Saturday 22nd July
We were woken up by the sound of Lex panting today; it was a hot morning, and all 3 of us needed to immediately get out the car, AKA the solar oven that we sleep in. However much I love hot weather, it does make living in the car uncomfortable. And there are no showers when you wild camp! Things were starting to get stinky.
Having almost exhausted our supply of sad Baltic canned goods, I sent Morgan into the supermarket this morning, with the challenge of “try to get some tasty, healthy food which won’t go off the second we put it in the hot car.”
Morgan spent so long in the supermarket, I finished my novel, then started reading a book about whether “living Danishly” was the secret to happiness, and had got so far through the latter book that I’d started planning our new life in Denmark, when Morgan finally emerged with a bag full of very carefully considered ingredients designed to invigorate the palette.
I explained our new life plan to him as he packed his procured items into the boiling furnace we call home, and recalling Denmark’s cold climate, Morgan agreed instantly.
That being sorted, we continued driving south. We saw the huge forks of lightning splitting the sky open before the storm actually hit. Then, we were pelted with rain so heavy I couldn’t actually see the road, as ominous crashes of thunder filled the air.
“I can’t hear Stephen Fry!” shouted Morgan from the back seat, where he was sitting with Lex.
“WHAT?” I bellowed in reply, over the thunderous noise of the storm.
“I – CAN’T – HEAR…” Morgan started to shout back, but I interrupted him
“WE’RE IN SLOVAKIA!”
“SLOVAKIA! WE JUST CROSSED THE BORDER!” I yelled at the top of my lungs.
“Oh” came Morgan’s surprised reply. “Well, that explains everything.”
The landscape had become steadily more mountainous throughout the day, and we were now up in the High Tatras mountains. As far as we could tell, the scenery would be stunning when the storm let up and we could see more than two feet in front of the car.
The rain had finally stopped by the time we arrived in Strbske Pleso, a pretty lakeside town with a strong dislike of vowels. This meant it was baking hot again, and we were sweating as we parked the car and faffed around trying to find our possessions in the chaos that is the boot.
“I’m finding that lake and jumping in it!” I declared, to no-one in particular. Lex, fortunately, didn’t seem to hear.
It was already mid afternoon, so we contented ourselves with a gentle stroll around the lake, saving the proper hiking for tomorrow. This helpful diagram even informed us exactly what the mountains would look like if there wasn’t a layer of cloud still obscuring them.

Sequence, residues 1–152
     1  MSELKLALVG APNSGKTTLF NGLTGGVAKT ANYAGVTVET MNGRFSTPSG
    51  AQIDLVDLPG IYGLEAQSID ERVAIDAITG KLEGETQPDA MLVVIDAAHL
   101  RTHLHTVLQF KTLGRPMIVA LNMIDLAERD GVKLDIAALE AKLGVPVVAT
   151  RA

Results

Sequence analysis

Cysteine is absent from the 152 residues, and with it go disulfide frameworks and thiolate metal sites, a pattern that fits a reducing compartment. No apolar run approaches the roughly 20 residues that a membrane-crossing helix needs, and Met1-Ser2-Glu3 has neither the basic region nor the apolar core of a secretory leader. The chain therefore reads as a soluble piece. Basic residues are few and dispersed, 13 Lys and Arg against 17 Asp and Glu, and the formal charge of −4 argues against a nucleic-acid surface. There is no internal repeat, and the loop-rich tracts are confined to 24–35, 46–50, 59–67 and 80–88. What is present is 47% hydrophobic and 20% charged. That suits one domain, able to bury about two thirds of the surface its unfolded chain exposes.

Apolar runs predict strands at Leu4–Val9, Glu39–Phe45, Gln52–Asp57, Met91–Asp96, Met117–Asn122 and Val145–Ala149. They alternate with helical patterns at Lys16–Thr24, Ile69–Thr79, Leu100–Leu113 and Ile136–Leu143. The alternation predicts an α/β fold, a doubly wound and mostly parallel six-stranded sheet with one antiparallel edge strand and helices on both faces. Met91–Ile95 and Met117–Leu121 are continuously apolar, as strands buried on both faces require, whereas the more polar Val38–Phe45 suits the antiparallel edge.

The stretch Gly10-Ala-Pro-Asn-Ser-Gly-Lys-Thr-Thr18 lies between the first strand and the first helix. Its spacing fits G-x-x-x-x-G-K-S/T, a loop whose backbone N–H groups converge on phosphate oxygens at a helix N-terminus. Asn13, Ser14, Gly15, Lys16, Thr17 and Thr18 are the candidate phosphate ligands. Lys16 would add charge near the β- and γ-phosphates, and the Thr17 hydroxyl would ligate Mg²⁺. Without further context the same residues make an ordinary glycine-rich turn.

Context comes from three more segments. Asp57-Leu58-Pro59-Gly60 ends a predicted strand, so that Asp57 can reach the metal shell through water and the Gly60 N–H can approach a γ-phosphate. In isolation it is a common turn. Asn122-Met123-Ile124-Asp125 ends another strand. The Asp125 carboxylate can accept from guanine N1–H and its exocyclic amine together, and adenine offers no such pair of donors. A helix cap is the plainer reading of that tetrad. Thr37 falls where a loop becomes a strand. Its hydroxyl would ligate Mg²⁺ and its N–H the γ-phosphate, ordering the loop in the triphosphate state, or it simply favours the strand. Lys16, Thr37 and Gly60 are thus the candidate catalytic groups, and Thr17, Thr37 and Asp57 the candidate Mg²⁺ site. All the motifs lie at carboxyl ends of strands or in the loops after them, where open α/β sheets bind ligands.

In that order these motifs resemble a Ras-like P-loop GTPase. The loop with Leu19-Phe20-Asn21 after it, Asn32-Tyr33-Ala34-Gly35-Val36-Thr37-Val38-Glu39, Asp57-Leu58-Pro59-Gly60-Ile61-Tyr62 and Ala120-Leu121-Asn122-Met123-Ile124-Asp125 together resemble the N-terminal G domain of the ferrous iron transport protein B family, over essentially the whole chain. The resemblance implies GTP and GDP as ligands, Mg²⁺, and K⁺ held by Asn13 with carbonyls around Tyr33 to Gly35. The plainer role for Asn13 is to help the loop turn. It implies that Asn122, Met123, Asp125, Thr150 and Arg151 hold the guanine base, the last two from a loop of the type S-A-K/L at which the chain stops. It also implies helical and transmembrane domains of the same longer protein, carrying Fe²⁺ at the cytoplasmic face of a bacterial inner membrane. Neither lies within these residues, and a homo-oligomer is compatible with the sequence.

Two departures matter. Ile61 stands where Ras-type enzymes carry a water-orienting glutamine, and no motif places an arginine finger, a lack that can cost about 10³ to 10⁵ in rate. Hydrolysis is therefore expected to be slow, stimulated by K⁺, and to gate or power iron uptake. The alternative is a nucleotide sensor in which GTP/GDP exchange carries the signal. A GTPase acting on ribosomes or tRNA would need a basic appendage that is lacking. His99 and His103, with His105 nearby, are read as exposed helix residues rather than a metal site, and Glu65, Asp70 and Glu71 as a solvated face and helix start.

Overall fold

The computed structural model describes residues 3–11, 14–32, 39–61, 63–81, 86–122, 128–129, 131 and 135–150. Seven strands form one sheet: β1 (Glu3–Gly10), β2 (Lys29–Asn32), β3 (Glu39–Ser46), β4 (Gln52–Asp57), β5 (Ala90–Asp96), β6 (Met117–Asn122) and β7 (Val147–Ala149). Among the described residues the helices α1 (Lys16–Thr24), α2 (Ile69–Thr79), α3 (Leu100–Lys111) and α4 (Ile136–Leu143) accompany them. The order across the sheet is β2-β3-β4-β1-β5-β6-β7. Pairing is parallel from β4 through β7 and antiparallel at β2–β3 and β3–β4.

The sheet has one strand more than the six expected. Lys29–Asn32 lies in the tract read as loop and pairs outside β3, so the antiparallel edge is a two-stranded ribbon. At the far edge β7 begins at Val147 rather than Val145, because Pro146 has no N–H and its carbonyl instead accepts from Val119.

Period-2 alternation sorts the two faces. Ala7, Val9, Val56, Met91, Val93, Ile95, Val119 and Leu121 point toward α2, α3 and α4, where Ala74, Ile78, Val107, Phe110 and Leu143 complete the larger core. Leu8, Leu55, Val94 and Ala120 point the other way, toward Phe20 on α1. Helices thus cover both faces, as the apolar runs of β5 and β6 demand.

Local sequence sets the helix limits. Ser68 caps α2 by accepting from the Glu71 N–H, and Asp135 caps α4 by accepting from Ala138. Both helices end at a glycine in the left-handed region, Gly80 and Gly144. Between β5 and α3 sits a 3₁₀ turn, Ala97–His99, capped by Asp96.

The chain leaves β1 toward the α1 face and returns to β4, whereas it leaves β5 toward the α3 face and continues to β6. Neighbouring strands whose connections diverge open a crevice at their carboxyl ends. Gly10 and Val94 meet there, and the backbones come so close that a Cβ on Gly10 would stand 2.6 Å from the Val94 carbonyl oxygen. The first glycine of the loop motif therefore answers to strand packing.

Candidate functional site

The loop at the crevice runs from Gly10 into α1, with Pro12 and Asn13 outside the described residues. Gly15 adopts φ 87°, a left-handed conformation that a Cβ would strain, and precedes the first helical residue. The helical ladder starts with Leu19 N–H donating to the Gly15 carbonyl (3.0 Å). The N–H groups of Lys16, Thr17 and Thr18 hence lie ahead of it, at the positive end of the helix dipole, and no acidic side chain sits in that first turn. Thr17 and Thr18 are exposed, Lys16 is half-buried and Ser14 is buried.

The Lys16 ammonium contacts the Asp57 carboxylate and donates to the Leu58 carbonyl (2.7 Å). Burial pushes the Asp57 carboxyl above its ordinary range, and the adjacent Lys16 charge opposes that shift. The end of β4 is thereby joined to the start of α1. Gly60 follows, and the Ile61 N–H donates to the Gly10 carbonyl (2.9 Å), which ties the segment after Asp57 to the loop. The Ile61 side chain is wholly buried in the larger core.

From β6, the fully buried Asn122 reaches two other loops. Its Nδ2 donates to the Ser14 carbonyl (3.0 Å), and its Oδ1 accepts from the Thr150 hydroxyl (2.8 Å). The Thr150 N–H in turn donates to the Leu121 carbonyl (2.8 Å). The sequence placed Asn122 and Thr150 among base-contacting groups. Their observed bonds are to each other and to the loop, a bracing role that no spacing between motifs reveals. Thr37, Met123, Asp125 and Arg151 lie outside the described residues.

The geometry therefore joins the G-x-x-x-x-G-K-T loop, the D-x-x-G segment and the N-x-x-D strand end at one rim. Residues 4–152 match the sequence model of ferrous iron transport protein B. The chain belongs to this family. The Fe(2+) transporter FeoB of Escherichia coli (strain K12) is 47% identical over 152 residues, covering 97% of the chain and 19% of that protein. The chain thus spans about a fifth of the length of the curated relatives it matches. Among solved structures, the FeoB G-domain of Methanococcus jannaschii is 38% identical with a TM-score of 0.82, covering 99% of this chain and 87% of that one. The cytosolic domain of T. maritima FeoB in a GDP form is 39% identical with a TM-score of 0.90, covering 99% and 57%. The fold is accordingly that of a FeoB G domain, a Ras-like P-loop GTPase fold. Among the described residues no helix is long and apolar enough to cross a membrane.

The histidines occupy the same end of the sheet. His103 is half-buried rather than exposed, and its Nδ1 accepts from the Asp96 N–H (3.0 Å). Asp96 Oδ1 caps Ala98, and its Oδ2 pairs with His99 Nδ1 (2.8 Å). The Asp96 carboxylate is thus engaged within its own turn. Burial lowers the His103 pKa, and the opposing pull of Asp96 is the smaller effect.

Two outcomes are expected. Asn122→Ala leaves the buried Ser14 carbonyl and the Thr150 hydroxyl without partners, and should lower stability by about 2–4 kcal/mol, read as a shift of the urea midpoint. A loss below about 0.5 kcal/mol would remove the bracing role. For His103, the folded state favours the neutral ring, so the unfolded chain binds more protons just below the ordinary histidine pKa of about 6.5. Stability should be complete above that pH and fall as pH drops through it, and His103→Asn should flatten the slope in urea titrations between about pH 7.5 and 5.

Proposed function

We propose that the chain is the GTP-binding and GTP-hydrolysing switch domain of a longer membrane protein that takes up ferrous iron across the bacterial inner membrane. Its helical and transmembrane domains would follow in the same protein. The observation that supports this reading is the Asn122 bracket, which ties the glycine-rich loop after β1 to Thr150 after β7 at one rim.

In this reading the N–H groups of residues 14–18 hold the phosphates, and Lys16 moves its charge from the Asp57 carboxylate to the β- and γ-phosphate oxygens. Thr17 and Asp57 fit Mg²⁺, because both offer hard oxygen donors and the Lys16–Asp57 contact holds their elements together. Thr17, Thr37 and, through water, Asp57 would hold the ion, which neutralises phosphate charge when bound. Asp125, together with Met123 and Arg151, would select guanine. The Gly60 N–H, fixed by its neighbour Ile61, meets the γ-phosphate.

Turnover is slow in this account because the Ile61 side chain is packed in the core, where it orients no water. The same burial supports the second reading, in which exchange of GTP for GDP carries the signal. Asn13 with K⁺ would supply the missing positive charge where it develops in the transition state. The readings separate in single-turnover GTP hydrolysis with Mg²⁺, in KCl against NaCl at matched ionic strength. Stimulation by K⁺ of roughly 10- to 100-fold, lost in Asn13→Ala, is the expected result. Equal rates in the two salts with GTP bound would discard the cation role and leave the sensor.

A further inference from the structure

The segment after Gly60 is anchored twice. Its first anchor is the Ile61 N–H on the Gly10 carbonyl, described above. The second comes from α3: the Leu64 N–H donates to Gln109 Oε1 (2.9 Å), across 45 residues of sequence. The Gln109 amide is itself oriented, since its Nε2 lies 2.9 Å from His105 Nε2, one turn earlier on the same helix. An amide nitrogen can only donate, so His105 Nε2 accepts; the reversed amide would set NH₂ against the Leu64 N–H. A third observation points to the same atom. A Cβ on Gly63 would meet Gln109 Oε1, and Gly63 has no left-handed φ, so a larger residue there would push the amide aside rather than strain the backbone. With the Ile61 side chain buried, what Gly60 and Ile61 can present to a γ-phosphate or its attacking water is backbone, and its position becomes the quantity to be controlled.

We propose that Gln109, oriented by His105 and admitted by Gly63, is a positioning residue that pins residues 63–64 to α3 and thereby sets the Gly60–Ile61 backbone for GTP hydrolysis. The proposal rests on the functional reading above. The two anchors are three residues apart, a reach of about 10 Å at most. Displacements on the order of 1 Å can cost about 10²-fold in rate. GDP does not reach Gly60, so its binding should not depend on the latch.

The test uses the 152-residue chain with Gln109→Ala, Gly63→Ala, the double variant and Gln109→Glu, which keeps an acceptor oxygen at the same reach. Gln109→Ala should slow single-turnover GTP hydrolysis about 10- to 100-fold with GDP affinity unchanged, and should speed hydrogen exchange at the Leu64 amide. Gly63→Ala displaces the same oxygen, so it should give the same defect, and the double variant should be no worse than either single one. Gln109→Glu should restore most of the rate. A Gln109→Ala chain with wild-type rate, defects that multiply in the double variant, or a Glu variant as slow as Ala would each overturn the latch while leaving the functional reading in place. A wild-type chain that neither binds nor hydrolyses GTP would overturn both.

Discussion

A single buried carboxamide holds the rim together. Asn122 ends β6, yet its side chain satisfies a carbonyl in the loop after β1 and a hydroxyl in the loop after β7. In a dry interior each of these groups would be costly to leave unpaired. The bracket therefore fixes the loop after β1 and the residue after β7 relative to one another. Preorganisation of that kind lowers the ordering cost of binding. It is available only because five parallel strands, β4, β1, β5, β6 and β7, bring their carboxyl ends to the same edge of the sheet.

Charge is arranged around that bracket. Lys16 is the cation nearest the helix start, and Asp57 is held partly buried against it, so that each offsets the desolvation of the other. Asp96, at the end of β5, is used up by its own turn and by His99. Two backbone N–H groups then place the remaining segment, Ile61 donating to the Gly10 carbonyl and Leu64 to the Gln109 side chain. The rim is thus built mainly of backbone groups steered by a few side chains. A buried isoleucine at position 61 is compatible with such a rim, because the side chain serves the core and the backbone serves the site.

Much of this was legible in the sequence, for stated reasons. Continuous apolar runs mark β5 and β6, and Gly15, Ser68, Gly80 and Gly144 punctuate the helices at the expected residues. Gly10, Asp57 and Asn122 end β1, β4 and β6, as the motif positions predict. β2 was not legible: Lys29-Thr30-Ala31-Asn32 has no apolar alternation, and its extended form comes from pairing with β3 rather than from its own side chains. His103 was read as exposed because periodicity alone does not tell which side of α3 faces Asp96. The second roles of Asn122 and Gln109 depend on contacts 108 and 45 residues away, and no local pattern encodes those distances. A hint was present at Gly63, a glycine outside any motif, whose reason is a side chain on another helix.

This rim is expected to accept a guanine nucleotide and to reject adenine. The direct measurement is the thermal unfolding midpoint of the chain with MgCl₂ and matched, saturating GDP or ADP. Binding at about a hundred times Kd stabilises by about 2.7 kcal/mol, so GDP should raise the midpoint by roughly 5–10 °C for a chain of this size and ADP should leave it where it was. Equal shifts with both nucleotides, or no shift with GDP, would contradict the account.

I did indeed jump into the lake at the first possible opportunity, despite the fact that none of the other visitors seemed remotely interested in swimming. The water was divine, cool enough to be refreshing without freezing you to the bone. I really didn’t understand why I was the only one swimming. Maybe the lake’s filled with parasites, or whirlpools, or sea monsters, and everyone had been staring at me thinking “well at least this will pacify The Monster until the next stupid English tourist goes swimming…
The distant rumble of thunder started up again whilst I was still in the lake, wondering why no-one else seems to appreciate swimming an appropriate amount, and why Morgan was calling me a ‘nutter’. Deciding it was probably time to move on, we headed back towards the car, while planning our dinner in the hope of improving on yesterday’s grey mush. We passed a sign advertising home cooked pizzas with a lake view.
“The problem is…” I said hesitantly. “We won’t be able to cook once this storm starts.”
“That is a big problem” agreed Morgan, also spotting the sign. “Maybe…”
“Pizza?” I agreed before he’d even finished his sentence, and we immediately turned around and settled into a cosy, dog-friendly lounge overlooking the lake. Which was beautiful for about 5 minutes, until the heavens opened and the view was entirely obliterated by rain, illuminated only by flashes of lightning.
“So far Slovakia is the land of Thor” observed Morgan, in a pleased tone. “Thunder and mountains!”
Luckily, this storm also eventually passed, so after dinner, we headed back to the car and found a pretty, secluded lay-by to call home for the night.
After sunset, I spent time writing in the car whilst Morgan disappeared on some kind of side adventure. It was only when I looked up to see him dancing around in the dark like a firefly high on sugar water that I realised he had been just outside the car all along. Turns out, Morgan had set his camera up on a tripod and was having fun with long exposure photos, spelling out our names in the air with his torch. The mad dancing was just a fringe benefit.
Later that night, as total darkness enveloped us, the stars came out to play. It was the first time we’d properly seen the stars on this trip, having spent so long under the endless days of Scandinavian summer. The milky way was clearly visible, and nebulous star dust filled every corner of the night sky. Seeing the stars always fills me with an enormous sense of well-being, and I spent a happy, if slightly existential evening contemplating the billions of stars across billions of galaxies across billions of universes until my head hurt.
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